Ceylon Lake, a small salt playa located in southern Saskatchewan, is typical of many shallow ephemeral lacustrine basins found in the northern Great Plains of western Canada. The present-day brine, dominated by magnesium, sodium, and sulphate ions, shows wide variation in composition and concentration on both a temporal and a spatial basis. The modern sediments overall exhibit relatively simple facies relationships. An outer ring of coarse grained shoreline and colluvial clastics surrounds mixed fine grained clastics and salts and, in the centre of the basin, salt pan evaporites composed mainly of mirabilite, thenardite, and bloedite.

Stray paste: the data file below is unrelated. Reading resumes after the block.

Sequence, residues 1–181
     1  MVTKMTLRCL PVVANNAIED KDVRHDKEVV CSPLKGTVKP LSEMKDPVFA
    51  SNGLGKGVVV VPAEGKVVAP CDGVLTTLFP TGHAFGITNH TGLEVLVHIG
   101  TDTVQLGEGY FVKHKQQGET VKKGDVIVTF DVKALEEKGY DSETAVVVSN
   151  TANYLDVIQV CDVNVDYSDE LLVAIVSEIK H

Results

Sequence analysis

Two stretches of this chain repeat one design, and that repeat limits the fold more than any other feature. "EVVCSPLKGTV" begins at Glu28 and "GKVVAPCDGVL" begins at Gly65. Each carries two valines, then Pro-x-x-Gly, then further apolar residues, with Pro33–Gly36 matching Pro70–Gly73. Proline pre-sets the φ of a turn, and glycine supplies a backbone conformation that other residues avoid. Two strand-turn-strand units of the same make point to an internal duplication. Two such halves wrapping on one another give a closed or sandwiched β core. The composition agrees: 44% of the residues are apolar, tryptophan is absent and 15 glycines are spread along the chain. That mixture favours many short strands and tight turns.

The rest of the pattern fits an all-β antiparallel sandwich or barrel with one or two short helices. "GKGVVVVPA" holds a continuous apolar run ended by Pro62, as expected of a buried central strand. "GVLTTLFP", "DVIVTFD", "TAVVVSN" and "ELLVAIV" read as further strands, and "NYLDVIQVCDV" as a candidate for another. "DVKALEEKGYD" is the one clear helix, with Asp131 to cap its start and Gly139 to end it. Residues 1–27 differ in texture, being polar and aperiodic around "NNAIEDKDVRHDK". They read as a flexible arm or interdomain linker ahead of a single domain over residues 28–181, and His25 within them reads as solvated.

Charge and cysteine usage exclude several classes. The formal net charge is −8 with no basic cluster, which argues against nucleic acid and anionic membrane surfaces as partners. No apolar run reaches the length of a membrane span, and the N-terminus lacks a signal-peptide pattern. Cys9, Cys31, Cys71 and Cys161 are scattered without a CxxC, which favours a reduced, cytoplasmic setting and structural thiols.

Coring of the late Pleistocene and Holocene sedimentary fill shows that the lake has evolved from a relatively dilute, deep water, clastic dominated basin through a shallower, brackish water, carbonate-clastic phase, and finally into the present salt dominated playa. The thick sequence of evaporites preserved in the basin suggests evolution of the brine from a Na-rich solution to a mixed Mg-Na system. The most important post-depositional processes affecting Ceylon Lake sediments are mud diapirism and salt karsting.